The South Australian wine region of Barossa became the latest signatory of the Joint Declaration to Protect Wine Place & Origin, a global movement to ensure wine place names are protected and not abused or miscommunicated to consumers. The coalition welcomed Barossa on Friday at a meeting in San Francisco, where members discussed how to build on the coalition’s recent successful effort to protect place names online.

SF Declaration Meeting 28-October-2016.jpg

“Over the last year, our coalition has expanded its work to protect wine place names globally, including online where consumers increasingly shop for the wines they love,” said Linda Reiff, president and CEO of the Napa Valley Vintners wine trade association, one of the founding signatories to the Declaration. “We are proud to have another esteemed winemaking region join our collective efforts to ensure consumers aren’t misled and that the identity of a wine’s place is protected.”

In January 2016, American-based Internet name registry Donuts launched the new .wine and .vin domain extensions. Prior to the launch, members of the Declaration worked with Donuts on an agreement that put safeguards in place to ensure the extensions could not be falsely used to mislead consumers. On the heels of this effort, representatives from Barossa attended last week’s coordinating meetings with other Declaration members and will participate in activities that were outlined for the coming year.

“We are honored to join this remarkable group of leading world wine regions dedicated to protecting place names. Barossa wines, like all those represented in this coalition, are unique in representing their sense of place,” said James March, CEO of the Barossa Grape & Wine Association. “Despite our fierce competition in the worldwide marketplace, we all agree that location is the most important ingredient in creating truly unique and distinctive wines.”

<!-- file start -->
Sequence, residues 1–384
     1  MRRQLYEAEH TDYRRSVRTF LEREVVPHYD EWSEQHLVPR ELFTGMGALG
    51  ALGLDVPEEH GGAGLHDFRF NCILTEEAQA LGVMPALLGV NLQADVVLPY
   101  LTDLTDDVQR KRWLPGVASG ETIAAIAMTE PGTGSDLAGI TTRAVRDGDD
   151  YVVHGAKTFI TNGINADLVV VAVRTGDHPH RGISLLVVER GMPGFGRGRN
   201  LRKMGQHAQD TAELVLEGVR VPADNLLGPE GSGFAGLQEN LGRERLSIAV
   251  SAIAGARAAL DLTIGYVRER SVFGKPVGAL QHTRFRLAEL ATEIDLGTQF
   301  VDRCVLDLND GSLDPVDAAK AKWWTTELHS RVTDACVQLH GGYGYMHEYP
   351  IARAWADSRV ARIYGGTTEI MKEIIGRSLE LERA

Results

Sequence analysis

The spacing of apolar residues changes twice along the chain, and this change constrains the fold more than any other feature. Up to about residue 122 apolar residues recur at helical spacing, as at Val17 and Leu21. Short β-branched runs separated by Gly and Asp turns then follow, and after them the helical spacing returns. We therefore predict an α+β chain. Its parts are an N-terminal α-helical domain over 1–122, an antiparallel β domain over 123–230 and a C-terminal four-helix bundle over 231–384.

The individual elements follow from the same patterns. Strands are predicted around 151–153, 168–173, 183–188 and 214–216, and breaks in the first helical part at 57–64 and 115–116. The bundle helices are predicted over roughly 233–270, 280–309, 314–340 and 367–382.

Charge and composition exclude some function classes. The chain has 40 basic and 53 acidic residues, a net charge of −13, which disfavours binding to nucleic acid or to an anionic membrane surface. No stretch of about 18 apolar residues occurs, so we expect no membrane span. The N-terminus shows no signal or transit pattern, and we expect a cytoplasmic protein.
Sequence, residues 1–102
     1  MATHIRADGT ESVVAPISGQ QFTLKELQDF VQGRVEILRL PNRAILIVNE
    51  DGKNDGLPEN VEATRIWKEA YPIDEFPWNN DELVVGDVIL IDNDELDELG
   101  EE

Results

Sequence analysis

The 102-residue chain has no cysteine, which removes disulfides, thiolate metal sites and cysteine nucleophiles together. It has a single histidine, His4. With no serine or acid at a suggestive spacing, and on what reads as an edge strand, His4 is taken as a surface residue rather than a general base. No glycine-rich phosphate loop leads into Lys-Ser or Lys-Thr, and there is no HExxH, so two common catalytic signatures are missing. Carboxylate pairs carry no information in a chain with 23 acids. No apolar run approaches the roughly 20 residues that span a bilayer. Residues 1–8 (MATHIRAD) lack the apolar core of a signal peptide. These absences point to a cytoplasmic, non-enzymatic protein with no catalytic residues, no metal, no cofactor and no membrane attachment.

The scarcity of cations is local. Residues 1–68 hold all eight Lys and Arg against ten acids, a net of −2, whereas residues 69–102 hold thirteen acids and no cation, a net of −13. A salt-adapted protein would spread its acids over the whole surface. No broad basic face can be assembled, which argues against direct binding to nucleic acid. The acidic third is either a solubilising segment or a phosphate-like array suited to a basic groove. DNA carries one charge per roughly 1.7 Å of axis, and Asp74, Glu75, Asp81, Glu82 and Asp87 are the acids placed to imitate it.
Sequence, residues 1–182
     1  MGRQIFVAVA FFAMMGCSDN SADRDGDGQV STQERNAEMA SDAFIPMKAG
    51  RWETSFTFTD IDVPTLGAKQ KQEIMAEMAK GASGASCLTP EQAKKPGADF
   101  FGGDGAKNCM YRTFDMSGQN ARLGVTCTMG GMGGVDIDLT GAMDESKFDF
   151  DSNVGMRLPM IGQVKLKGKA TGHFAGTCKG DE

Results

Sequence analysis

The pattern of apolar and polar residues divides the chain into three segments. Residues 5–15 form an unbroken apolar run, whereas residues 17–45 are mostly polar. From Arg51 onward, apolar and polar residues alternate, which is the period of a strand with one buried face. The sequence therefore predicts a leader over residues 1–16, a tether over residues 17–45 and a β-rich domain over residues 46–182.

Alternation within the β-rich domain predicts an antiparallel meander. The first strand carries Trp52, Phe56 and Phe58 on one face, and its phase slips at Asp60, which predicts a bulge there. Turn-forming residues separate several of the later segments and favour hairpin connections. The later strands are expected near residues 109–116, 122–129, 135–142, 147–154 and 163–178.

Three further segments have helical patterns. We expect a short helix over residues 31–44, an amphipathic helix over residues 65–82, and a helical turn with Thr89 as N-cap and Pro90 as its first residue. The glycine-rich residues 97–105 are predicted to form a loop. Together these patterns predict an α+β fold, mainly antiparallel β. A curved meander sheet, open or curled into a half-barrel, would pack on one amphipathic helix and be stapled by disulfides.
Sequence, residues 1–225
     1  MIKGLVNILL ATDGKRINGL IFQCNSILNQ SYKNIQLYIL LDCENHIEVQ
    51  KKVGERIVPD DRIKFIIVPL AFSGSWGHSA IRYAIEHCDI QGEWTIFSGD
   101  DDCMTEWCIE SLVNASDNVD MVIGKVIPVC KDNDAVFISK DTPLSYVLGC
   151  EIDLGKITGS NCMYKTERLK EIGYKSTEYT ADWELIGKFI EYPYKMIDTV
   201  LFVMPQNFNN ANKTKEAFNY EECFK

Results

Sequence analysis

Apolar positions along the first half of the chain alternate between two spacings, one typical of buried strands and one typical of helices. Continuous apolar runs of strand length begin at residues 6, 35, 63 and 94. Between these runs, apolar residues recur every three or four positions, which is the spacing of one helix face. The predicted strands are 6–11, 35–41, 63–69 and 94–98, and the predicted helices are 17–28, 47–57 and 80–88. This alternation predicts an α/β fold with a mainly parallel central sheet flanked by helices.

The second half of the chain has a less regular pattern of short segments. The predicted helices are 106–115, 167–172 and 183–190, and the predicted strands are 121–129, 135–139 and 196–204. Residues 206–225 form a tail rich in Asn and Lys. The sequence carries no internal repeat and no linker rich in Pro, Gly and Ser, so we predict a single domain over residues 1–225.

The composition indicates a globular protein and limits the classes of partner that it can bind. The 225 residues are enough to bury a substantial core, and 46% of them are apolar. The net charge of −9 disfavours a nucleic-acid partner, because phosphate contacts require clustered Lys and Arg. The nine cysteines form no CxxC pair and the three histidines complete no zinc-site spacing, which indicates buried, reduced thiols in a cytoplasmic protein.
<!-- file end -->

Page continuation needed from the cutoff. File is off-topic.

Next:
Text Box: Members from the Declaration gather around Barossa representative Anne Moroney at a meeting in San Francisco on October 28.Since it was first signed in 2005, the Declaration efforts have led to increasing attention around the protection of wine place names. For example, this year five winery members of the Napa Valley Vintners announced that they are voluntarily giving up use of the name Port on their fortified dessert wine labels. While the producers have the legal right to use the term because they were grandfathered following the signing of the 2006 U.S. and European Commission Wine Trade Agreement, each agreed to abandon use of the semi-generic term in support of Napa Valley’s efforts to protect winemaking place names and its alliance with Porto in the Declaration. 

For more information, visit origins.wine or follow the coalition on Twitter and Facebook.

About the Declaration

The Joint Declaration to Protect Wine Place Names & Origin was signed in Napa Valley on July 26, 2005. The signatories of the Declaration include: Barossa, Bordeaux, Bourgogne/Chablis, Champagne, Chianti Classico, Jerez-Xérès-Sherry, Long Island, Napa Valley, Oregon, Paso Robles, Porto, Rioja, Santa Barbara County, Sonoma County, Victoria, Tokaj, Walla Walla Valley, Washington state, Willamette Valley and Western Australia. To lend support and read the full text of the Declaration visit origins.wine.